To me, this shows that we’re not we Brits aren’t that different from our American cousins. If nothing else it shows that establishment figures are able to ride the populist wave to make political gains at the expense of the public.

Look at Boris Johnson, the only politician to be featured in the dark-ads. Johnson’s comments last year about Muslim women in the Daily Telegraph were repeatedly compared to Trump’s tirades against Muslims and Mexicans in the run-up to the 2017 Presidential Election.

A bad attitude masked by perceived stupidity isn’t the only thing these two have in common. In July 2018 Johnson began meeting with editor and Former White House Chief Strategist Stephen K. Bannon.

The British mainstream media celebrated the brilliant advice this mentor would give him, Johnson continued spewing his vitriol, at one point comparing Brexit talks to a “suicide vest.”

This is typical of Steve Bannon and his influence, a former investment banker and self-professed expert in right-wing populism who, although having very little credibility remaining in intellectual circles, is incredibly far-reaching in certain more extreme Internet circles.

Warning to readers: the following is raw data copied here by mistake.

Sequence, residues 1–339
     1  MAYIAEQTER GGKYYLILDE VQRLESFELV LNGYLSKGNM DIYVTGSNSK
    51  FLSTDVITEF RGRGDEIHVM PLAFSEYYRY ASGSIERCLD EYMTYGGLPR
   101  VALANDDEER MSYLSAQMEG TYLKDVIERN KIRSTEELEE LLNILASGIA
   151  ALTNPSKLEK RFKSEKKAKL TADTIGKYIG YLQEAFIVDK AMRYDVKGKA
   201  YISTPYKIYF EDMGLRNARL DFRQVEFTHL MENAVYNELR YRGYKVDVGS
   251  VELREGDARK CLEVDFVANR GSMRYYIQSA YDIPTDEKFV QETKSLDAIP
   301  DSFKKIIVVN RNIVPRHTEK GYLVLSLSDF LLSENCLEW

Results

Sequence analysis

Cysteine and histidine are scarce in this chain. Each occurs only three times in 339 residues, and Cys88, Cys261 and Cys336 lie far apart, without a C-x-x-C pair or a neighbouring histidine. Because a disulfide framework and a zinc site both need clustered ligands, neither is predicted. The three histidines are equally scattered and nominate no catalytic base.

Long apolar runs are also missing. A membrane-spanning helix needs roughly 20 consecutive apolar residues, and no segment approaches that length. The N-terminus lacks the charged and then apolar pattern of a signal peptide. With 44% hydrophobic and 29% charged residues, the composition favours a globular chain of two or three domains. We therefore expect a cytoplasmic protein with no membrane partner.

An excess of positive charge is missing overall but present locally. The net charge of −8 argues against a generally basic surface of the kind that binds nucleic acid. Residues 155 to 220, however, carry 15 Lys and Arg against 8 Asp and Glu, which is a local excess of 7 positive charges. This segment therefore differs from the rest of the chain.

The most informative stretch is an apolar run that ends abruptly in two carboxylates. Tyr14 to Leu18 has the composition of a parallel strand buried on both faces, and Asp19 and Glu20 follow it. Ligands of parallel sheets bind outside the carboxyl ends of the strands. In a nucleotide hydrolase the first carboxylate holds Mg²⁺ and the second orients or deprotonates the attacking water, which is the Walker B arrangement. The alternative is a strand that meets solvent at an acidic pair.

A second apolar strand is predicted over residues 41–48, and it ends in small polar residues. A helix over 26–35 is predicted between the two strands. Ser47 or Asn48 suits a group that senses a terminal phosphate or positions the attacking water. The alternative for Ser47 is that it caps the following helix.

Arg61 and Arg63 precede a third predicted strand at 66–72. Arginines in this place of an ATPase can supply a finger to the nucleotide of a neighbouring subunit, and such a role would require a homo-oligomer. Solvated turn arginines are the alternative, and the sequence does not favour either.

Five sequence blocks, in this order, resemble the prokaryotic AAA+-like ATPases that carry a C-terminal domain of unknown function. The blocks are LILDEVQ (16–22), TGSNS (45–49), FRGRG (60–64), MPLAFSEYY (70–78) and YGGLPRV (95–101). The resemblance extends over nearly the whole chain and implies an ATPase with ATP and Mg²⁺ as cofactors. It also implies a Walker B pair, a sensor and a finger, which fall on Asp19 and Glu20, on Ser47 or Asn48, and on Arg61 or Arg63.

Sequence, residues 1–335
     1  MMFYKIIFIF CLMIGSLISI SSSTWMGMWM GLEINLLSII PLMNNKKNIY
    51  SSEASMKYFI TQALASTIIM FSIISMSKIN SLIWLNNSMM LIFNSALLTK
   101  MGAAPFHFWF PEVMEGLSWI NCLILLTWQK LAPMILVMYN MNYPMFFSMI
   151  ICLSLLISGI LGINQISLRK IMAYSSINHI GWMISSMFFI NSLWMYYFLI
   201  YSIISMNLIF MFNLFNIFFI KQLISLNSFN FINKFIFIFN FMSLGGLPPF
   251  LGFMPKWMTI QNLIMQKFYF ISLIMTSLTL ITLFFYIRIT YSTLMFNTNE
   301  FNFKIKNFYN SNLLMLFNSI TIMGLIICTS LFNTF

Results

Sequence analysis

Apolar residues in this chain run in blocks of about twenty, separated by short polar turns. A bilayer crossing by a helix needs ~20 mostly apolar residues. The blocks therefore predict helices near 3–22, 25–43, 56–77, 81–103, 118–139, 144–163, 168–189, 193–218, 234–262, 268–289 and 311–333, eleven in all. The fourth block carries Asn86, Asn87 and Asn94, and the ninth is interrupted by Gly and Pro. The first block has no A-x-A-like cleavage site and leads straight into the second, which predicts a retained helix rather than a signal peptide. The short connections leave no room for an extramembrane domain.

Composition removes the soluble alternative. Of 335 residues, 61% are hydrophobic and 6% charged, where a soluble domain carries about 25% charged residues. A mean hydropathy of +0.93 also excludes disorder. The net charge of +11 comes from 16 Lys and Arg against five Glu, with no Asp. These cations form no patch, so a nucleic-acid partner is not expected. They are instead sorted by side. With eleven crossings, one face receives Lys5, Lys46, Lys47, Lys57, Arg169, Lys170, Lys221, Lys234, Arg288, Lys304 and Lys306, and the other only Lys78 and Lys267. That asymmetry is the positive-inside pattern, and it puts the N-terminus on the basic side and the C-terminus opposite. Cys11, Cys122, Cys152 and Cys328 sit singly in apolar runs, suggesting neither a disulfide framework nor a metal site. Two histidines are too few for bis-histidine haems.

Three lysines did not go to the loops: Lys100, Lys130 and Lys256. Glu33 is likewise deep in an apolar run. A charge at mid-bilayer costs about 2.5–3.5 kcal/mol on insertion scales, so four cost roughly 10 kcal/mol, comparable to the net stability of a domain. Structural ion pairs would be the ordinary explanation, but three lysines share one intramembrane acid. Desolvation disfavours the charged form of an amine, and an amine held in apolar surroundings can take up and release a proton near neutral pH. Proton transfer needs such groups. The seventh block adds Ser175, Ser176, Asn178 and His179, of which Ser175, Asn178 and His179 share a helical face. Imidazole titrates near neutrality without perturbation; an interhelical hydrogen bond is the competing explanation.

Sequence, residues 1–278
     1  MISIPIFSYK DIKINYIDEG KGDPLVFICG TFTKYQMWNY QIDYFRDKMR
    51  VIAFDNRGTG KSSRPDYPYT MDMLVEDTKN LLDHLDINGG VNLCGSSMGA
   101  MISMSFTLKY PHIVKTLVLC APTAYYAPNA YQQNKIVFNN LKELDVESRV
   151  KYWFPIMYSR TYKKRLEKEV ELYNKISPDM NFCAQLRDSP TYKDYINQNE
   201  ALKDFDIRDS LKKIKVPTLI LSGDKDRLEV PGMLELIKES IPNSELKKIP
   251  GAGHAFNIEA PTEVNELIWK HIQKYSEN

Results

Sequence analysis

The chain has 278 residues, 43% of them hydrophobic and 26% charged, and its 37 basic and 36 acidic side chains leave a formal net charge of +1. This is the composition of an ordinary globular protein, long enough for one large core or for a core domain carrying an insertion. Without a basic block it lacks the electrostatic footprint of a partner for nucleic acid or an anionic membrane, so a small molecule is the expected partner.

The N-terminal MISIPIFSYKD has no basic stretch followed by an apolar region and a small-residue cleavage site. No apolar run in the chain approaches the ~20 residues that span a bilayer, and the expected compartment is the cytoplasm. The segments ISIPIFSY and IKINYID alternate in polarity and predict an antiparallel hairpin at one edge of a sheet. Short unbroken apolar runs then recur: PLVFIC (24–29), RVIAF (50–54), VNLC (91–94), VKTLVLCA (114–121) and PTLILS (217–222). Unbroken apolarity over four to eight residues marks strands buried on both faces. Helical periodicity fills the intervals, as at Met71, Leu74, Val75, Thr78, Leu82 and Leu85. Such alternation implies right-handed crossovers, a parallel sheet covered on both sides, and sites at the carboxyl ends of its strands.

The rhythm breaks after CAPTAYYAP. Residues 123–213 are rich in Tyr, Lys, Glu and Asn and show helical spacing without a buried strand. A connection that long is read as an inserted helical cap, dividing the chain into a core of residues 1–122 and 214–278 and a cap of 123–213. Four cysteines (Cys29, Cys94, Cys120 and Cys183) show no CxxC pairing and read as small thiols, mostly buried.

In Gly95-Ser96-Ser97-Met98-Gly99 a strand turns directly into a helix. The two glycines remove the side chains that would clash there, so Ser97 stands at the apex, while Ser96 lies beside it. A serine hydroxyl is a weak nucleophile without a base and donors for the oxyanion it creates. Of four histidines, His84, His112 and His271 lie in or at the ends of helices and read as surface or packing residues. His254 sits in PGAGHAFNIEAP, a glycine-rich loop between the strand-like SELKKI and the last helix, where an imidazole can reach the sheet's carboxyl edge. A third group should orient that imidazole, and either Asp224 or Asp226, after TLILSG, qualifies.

His tenure at Breitbart means that he has ties all over Europe and has used them to promote right-wing populists all over the continent since leaving the Trump Administration.

Bannon’s most recent endeavour has been the implementation of what has been described as an “alt-right Academy.” The Academy for the Judeo-Christian West’s founders describes it as a “gladiator school for the next generation of populist and nationalist leaders.”

Essentially a “Fight Club” of sorts, it appears the plan is to train skinheads and Nazis in the ways of intolerance and manipulation at an ex-monetary somewhere in Italy, no doubt for the purpose of putting money in the pockets of people like Leave.EU founder Aaron Banks and Nigel Farage in the future.

Bannon is the ideologue behind Trump’s populism, which managed to elect a billionaire as U.S. President on an “anti-establishment” platform.

Our in the UK options appear to be to reject U.S. style personality-based, reality TV politics or accept privatised health care and Nazi training camps.

Trump is a lunatic and should be called one at every opportunity. His foul, reactionary politics are a disease spreading across Europe. If Boris Johnson is to become Prime Minister, he will go down in history as the man who let Bannon get his claws into Brexit Britain and shook the life out of it.